• Do Rosa and her family have a fixed, regular, and adequate nighttime residence?
    • Do Rosa and her family have a temporary or permanent living arrangement?
    • Do Rosa and her family have their own residence?
    • Did you listen to Grace, one of the collaboration directors, talk about doubled-up families?
  2. Yes, because Rosa and her parents are not living in their own home.

    Correct! Rosa and her family are homeless because they are staying temporarily with others. The work status of Rosa’s parents is not one of the criteria of the definition of homelessness.

    The reason Rosa and her family are homeless is because they fit the McKinney-Vento Act definition of homelessness:

    • They do not have a “fixed, regular, and adequate nighttime residence” and
    • They are “sharing the housing of other persons due to loss of housing, economic hardship, or a similar reason.”

    Although Rosa and her family have a place to live and they are together, they are living in a doubled-up situation. This in itself does not mean Rosa and her family are experiencing homelessness, however, their doubled-up situation is caused by loss of housing. Even though they presently have a place to live, it is temporary and they could be asked to leave at any time.

    For more information about homelessness, look on the ECLKC in Crisis Support under Family and Community Partnerships.

  3. No, because Rosa and her family have a place to live.

    Not correct. Although Rosa and her family have a place to live, it is temporary and not stable. Think about these questions, review the Explore Information tab, and then try again:

    • Do Rosa and her family have a fixed, regular, and adequate nighttime residence?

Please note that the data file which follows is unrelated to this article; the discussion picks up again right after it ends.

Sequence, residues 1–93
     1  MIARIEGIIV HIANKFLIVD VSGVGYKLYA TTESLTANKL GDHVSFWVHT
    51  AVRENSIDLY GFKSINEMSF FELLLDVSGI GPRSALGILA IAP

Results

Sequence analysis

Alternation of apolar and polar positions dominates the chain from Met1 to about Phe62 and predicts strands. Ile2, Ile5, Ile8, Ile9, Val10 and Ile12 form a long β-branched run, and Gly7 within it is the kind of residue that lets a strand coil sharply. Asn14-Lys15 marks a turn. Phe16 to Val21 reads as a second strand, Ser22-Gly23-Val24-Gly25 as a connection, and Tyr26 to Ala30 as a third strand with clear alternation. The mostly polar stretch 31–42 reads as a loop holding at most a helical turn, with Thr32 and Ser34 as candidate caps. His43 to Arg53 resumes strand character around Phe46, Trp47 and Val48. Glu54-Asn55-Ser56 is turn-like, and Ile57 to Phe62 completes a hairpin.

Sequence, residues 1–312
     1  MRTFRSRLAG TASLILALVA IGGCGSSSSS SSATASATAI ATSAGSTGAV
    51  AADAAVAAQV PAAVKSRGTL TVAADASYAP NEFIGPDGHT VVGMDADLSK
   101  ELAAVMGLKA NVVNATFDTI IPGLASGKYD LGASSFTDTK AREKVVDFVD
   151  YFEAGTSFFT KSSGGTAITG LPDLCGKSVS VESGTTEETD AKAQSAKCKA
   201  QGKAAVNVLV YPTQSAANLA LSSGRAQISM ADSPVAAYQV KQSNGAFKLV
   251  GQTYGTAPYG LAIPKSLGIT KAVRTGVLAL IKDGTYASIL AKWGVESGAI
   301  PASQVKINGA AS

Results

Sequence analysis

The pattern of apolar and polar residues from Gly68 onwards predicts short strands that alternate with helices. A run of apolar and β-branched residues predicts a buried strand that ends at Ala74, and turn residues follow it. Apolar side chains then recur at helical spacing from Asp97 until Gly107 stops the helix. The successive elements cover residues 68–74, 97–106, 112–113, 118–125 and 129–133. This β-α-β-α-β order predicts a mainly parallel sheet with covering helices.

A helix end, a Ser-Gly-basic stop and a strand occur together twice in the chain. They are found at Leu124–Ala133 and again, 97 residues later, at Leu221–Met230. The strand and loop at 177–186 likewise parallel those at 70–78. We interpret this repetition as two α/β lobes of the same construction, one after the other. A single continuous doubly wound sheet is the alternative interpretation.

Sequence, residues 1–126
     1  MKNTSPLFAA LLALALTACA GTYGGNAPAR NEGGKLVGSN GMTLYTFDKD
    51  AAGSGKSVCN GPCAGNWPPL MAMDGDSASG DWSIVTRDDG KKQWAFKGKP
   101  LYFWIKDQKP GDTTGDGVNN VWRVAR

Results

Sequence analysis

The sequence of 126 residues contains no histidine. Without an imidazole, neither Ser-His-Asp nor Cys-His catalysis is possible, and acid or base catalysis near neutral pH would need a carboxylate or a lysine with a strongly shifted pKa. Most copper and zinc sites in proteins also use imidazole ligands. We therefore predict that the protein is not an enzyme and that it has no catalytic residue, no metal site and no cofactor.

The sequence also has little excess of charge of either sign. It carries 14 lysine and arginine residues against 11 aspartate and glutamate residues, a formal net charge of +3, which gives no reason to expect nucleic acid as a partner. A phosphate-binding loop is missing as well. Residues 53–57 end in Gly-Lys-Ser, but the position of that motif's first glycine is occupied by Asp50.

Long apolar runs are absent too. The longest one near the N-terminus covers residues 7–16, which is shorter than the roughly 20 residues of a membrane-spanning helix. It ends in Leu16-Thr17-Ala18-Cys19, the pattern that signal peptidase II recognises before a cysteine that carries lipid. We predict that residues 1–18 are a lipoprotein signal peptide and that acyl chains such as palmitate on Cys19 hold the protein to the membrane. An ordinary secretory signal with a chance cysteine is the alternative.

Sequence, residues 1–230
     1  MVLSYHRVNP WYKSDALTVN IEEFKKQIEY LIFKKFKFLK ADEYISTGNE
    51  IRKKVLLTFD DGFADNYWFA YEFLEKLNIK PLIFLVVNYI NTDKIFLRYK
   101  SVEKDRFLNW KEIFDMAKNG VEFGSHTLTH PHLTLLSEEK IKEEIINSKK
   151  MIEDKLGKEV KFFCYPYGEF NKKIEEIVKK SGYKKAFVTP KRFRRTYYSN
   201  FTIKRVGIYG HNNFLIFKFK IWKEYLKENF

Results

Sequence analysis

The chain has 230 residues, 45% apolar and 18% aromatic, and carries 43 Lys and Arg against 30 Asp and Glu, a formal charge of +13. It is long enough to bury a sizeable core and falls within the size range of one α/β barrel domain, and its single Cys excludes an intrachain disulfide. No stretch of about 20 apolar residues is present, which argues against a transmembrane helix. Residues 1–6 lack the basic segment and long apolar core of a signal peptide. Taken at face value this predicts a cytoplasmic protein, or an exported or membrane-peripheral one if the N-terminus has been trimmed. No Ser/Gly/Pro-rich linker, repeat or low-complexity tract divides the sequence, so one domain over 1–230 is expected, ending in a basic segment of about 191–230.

• Do Rosa and her family have a temporary or permanent living arrangement?
    • Do Rosa and her family have their own residence?
    • Could Rosa’s relatives ask her and her family to leave at any time?
    • Is Rosa’s family sharing the home equally or are they more like guests in the home?
    • Did you listen to Grace, one of the collaboration directors, talk about doubled-up families?
  4. No, because Rosa and her family are living together.

    Not correct. Even though a family is living together, they might still be considered homeless if they meet the criteria of the McKinney-Vento Act. Think about these questions, review the Explore Information tab, and then try again:

    • Do Rosa and her family have a fixed, regular, and adequate nighttime residence?
    • Do Rosa and her family have a temporary or permanent living arrangement?
    • Do Rosa and her family have their own residence?
    • Could Rosa’s relatives ask her and her family to leave at any time?
    • Is Rosa’s family sharing the home equally or are they more like guests in the home?
    • Did you listen to Grace, one of the collaboration directors, talk about doubled-up families?

IMPORTANT! As you consider this scenario and how it might compare to families you encounter in your work, remember that each family’s life situation is uniquely different.

Last Reviewed: July 2014

Last Updated: July 9, 2014